Tuesday, March 21, 2006

Did dark matter create the first stars?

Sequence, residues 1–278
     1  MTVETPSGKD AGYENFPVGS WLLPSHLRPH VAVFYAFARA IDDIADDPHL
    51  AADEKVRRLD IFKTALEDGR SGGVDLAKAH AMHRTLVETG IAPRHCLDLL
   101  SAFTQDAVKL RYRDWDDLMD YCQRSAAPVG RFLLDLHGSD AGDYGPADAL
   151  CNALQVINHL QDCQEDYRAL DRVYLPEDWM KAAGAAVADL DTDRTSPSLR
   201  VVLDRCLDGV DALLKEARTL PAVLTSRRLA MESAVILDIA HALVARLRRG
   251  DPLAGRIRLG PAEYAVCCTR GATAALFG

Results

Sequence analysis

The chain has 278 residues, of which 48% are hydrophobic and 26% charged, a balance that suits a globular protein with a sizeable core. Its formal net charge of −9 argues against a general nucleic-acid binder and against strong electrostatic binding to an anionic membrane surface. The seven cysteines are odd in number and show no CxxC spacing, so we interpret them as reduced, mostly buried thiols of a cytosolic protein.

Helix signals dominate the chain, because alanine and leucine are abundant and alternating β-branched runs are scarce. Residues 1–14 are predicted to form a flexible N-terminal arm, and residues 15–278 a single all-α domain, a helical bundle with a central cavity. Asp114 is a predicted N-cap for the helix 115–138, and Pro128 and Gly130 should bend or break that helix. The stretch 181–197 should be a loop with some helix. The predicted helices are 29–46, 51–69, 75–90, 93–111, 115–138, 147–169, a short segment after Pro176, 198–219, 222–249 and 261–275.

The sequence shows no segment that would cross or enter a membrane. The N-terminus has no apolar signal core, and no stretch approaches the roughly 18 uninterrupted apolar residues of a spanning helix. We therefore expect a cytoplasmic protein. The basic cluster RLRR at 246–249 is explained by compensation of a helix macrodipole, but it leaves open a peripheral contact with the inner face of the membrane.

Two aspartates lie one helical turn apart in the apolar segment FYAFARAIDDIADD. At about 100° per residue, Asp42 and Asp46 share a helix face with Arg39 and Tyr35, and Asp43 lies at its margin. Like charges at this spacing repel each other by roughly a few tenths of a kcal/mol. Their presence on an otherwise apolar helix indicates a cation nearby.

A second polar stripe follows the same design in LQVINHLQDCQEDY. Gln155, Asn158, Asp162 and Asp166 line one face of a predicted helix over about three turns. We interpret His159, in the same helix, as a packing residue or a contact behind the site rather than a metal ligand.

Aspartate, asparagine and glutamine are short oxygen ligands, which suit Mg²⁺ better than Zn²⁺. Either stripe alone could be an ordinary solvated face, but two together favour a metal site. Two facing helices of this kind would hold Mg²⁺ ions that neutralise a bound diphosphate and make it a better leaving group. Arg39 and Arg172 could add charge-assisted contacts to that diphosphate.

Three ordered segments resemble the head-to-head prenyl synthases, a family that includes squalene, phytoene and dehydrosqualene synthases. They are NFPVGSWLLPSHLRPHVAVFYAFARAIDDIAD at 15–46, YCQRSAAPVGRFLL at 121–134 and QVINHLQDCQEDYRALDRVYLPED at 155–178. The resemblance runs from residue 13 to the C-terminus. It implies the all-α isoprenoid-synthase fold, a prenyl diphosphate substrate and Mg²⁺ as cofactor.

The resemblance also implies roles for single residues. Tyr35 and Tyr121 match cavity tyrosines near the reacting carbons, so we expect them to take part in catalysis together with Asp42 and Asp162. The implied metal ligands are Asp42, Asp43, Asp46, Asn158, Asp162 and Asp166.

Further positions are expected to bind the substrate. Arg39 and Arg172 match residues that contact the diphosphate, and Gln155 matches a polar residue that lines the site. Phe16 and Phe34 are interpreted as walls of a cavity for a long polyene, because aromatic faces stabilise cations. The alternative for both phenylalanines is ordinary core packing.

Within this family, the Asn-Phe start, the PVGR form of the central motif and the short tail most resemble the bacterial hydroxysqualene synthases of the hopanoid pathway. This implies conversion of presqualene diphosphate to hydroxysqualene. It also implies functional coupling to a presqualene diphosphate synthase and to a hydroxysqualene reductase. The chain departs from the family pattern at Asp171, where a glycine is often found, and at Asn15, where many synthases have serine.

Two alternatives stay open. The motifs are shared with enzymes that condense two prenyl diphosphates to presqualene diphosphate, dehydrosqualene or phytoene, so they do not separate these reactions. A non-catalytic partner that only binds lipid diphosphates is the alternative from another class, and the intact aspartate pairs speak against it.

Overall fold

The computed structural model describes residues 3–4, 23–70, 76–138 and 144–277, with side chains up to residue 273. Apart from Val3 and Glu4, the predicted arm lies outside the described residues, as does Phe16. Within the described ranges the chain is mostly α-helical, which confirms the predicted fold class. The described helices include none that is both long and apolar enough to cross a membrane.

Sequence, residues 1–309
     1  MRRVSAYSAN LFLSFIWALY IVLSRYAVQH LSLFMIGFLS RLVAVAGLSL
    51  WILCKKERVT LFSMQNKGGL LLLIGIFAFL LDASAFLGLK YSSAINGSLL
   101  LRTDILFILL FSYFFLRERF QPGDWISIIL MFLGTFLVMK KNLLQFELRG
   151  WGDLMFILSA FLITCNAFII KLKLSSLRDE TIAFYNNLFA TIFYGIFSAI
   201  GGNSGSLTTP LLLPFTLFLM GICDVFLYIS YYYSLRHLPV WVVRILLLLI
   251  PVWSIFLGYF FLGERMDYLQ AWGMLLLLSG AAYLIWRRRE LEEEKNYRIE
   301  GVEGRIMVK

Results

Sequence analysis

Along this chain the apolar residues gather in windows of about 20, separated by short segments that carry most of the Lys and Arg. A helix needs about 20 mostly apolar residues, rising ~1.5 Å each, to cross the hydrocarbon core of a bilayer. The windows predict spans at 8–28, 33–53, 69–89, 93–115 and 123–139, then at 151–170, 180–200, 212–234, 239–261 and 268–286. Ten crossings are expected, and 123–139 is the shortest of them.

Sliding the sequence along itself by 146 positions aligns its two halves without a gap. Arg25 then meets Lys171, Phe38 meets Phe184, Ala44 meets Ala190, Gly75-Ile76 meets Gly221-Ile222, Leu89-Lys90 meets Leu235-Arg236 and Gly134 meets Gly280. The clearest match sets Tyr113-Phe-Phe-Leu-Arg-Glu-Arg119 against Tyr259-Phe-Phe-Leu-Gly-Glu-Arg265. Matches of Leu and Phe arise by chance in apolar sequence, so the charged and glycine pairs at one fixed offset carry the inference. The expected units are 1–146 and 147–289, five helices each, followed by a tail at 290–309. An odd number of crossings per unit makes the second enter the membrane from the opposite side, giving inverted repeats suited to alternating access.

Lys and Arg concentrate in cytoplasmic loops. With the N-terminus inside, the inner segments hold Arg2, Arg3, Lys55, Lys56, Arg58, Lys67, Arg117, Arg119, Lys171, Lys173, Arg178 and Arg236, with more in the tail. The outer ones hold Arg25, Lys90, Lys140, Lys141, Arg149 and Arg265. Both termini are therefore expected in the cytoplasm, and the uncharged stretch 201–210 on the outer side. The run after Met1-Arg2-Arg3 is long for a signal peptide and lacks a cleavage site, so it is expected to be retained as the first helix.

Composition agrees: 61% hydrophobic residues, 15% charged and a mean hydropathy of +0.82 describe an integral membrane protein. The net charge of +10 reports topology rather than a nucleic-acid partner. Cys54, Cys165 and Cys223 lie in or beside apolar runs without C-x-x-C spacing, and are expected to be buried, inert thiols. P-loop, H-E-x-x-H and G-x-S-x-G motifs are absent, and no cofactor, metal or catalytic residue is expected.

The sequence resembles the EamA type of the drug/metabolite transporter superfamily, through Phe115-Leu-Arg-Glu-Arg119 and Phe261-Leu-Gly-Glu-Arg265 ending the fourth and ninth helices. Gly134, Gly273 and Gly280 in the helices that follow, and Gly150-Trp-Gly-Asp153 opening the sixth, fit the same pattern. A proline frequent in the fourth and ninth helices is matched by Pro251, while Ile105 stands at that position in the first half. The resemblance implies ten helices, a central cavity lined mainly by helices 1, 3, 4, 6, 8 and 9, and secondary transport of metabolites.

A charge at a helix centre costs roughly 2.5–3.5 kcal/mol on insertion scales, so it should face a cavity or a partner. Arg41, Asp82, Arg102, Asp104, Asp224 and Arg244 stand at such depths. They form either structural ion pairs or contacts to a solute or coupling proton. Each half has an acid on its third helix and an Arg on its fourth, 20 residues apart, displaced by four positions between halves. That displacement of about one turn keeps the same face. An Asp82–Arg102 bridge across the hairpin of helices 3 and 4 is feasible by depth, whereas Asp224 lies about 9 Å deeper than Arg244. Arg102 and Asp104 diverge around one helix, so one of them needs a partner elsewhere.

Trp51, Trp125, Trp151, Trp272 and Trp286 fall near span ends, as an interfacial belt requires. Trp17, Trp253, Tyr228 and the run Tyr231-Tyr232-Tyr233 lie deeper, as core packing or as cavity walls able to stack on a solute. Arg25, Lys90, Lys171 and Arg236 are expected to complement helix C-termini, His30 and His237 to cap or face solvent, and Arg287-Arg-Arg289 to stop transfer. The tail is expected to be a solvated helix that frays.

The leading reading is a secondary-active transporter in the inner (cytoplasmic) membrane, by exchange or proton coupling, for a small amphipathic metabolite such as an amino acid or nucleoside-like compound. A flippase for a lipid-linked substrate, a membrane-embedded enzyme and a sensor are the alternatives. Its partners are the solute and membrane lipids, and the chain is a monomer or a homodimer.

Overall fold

'Dark matter may have played a major role in creating stars at the very beginnings of the universe. If that is the case, however, the dark matter must consist of particles called "sterile neutrinos". Peter Biermann of the Max Planck Institute for Radio Astronomy in Bonn, and Alexander Kusenko, of the University of California, Los Angeles, have shown that when sterile neutrinos decay, it speeds up the creation of molecular hydrogen. This process could have helped light up the first stars only some 20 to 100 million years after the big bang. This first generation of stars then ionised the gas surrounding them, some 150 to 400 million years after the big bang. All of this provides a simple explanation to some rather puzzling observations concerning dark matter, neutron stars, and antimatter...' More

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